## Background

Latent Profile Analysis (LPA) is a statistical modeling approach for estimating distinct profiles, or groups, of variables. In the social sciences and in educational research, these profiles could represent, for example, how different youth experience dimensions of being engaged (i.e., cognitively, behaviorally, and affectively) at the same time.

tidyLPA provides the functionality to carry out LPA in R. In particular, tidyLPA provides functionality to specify different models that determine whether and how different parameters (i.e., means, variances, and covariances) are estimated and to specify (and compare solutions for) the number of profiles to estimate. The package is designed and documented to be easy to use, especially for beginners to LPA, but with fine-grained options available for estimating models and evaluating specific output as part of more complex analyses.

## Installation

You can install tidyLPA from CRAN with:

install.packages("tidyLPA")

You can also install the development version of tidyLPA from GitHub with:

install.packages("devtools")
devtools::install_github("jrosen48/tidyLPA")

## Example

Here is a brief example using the built-in pisaUSA15 data set and variables for broad interest, enjoyment, and self-efficacy. Note that we first type the name of the data frame, followed by the unquoted names of the variables used to create the profiles. We also specify the number of profiles and the model. See ?estimate_profiles for more details.

library(tidyLPA)
d <- pisaUSA15[1:100, ]

estimate_profiles(d,
n_profiles = 3)
#> Fit Equal variances and covariances fixed to 0 (model 1) model with 3 profiles.
#> LogLik is 283.991
#> BIC is 631.589
#> Entropy is 0.914
#> # A tibble: 94 x 5
#>    broad_interest enjoyment self_efficacy profile posterior_prob
#>             <dbl>     <dbl>         <dbl> <fct>            <dbl>
#>  1            3.8       4            1    1                1.000
#>  2            3         3            2.75 3                0.917
#>  3            1.8       2.8          3.38 3                0.997
#>  4            1.4       1            2.75 2                0.899
#>  5            1.8       2.2          2    3                0.997
#>  6            1.6       1.6          1.88 3                0.997
#>  7            3         3.8          2.25 1                0.927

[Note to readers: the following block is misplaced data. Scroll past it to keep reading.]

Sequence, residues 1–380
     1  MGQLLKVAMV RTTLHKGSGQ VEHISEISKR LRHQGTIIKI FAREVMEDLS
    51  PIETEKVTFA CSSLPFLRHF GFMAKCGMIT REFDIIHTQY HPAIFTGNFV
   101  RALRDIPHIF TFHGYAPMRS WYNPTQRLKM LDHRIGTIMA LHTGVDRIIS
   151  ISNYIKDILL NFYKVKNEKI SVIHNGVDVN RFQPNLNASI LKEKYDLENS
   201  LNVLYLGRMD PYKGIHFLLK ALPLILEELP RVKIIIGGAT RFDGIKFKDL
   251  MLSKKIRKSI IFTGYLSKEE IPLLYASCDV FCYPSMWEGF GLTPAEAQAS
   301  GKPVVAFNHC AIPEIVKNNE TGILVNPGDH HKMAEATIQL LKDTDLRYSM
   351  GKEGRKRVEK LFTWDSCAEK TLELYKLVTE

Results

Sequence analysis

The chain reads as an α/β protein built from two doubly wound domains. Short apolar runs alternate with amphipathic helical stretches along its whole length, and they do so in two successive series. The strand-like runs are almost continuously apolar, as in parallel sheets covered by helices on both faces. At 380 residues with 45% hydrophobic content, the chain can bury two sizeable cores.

#>  8            2.6       2.2          2    3                0.990
#>  9            1         2.8          2.62 3                0.998
#> 10            2.2       2            1.75 3                0.996
#> # ... with 84 more rows

The version of this function that uses MPlus is simple estimate_profiles_mplus() that is called in the same way (though some particular details can be changed with arguments specific to either estimate_profiles or to estimate_profiles_mplus()).

See the output is simply a data frame with the profile (and its posterior probability) and the variables used to create the profiles (this is the “tidy” part, in that the function takes and returns a data frame).

We can plot the profiles with by piping (using the %>% operator, loaded from the dplyr package) the output to plot_profiles().

library(dplyr, warn.conflicts = FALSE)

estimate_profiles(d,
n_profiles = 3) %>%
plot_profiles(to_center = TRUE)

## Model specification

In addition to the number of profiles (specified with the n_profiles argument), the model can be specified in terms of whether and how the variable variances and covariances are estimated.

The models are specified by passing arguments to the variance and covariance arguments. The possible values for these arguments are:

• variances: “equal” and “zero”
• covariances: “varying”, “equal”, and “zero”

If no values are specified for these, then the equal variances and covariances fixed to 0 model is specified by default.

These arguments allow for four models to be specified:

• Equal variances and covariances fixed to 0 (Model 1)
• Varying variances and covariances fixed to 0 (Model 2)
• Equal variances and equal covariances (Model 3)
• Varying variances and varying covariances (Model 6)

Two additional models (Models 4 and 5) can be fit using functions that provide an interface to the MPlus software. More information on the models can be found in the vignette.

Here is an example of specifying a model with varying variances and covariances (Model 6; not run here):

estimate_profiles(d,
variances = "varying",
covariances = "varying",
n_profiles = 3)

## Comparing a wide range of solutions

The function compare_solutions() estimates models with varying numbers of profiles and model specifications:

compare_solutions(d, broad_interest, enjoyment, self_efficacy)

The version that uses MPlus - compare_solutions_mplus() - is called in the same way; like for estimate_profiles() and estimate_profiles_mplus(), some particular details can be specified with arguments specific to compare_solutions() or compare_solutions_mplus().